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June 2016 Planar tessellations that have the half-Gilbert structure
James Burridge, Richard Cowan
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Adv. in Appl. Probab. 48(2): 574-584 (June 2016).


In the full rectangular version of Gilbert's planar tessellation (see Gilbert (1967), Mackisack and Miles (1996), and Burridge et al. (2013)), lines extend either horizontally (with east- and west-growing rays) or vertically (north- and south-growing rays) from seed points which form a stationary Poisson point process, each ray stopping when it meets another ray that has blocked its path. In the half-Gilbert rectangular version, east- and south-growing rays, whilst having the potential to block each other, do not interact with west and north rays, and vice versa. East- and south-growing rays have a reciprocality of blocking, as do west and north. In this paper we significantly expand and simplify the half-Gilbert analytic results that we gave in Burridge et al. (2013). We also show how the idea of reciprocality of blocking between rays can be used in a much wider context, with rays not necessarily orthogonal and with seeds that produce more than two rays.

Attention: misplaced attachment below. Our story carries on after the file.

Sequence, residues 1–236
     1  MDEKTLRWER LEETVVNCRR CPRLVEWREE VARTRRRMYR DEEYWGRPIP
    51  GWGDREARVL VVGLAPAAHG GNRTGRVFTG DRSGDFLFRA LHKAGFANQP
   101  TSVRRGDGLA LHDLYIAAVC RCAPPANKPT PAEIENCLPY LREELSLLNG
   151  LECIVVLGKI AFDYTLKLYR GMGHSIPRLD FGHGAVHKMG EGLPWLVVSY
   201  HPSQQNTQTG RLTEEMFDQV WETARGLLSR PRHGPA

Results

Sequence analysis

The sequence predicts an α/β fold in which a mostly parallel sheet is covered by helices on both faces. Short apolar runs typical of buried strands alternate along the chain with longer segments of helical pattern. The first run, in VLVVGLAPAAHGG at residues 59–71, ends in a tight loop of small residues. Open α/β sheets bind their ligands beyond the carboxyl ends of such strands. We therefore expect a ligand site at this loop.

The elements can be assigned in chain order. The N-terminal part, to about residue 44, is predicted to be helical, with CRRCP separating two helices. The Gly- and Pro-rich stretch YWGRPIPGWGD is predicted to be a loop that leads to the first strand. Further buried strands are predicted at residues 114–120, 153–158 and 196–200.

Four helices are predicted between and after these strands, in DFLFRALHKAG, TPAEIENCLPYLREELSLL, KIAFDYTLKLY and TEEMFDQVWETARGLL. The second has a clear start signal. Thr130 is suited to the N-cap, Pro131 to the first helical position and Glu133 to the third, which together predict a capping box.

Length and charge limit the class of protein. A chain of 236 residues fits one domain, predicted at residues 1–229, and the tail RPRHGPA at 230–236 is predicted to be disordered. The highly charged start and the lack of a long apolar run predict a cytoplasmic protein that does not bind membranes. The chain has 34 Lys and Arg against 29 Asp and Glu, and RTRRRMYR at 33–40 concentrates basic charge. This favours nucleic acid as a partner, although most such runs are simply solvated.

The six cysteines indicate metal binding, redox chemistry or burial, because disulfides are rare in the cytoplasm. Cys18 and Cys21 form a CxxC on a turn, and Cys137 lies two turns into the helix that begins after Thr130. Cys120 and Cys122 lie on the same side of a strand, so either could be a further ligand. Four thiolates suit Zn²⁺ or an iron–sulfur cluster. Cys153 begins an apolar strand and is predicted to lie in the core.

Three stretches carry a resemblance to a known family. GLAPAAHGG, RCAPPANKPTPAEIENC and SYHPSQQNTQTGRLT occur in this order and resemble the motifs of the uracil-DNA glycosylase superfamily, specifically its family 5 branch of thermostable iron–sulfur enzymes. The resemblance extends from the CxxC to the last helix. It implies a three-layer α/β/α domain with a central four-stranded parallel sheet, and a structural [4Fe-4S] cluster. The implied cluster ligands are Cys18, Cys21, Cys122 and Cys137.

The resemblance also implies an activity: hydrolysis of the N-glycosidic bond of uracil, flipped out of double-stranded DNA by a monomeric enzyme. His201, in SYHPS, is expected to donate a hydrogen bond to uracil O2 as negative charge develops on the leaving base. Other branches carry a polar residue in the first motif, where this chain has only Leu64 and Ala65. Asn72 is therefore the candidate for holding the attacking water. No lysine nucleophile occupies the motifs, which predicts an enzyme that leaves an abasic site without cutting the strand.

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James Burridge. Richard Cowan. "Planar tessellations that have the half-Gilbert structure." Adv. in Appl. Probab. 48 (2) 574 - 584, June 2016.


Published: June 2016
First available in Project Euclid: 9 June 2016

zbMATH: 1344.60014
MathSciNet: MR3511776

Primary: 05B45 , 60D05
Secondary: 51M20 , 60G55

Keywords: crack formation , division of space , point process , random tessellation

Rights: Copyright © 2016 Applied Probability Trust


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Vol.48 • No. 2 • June 2016
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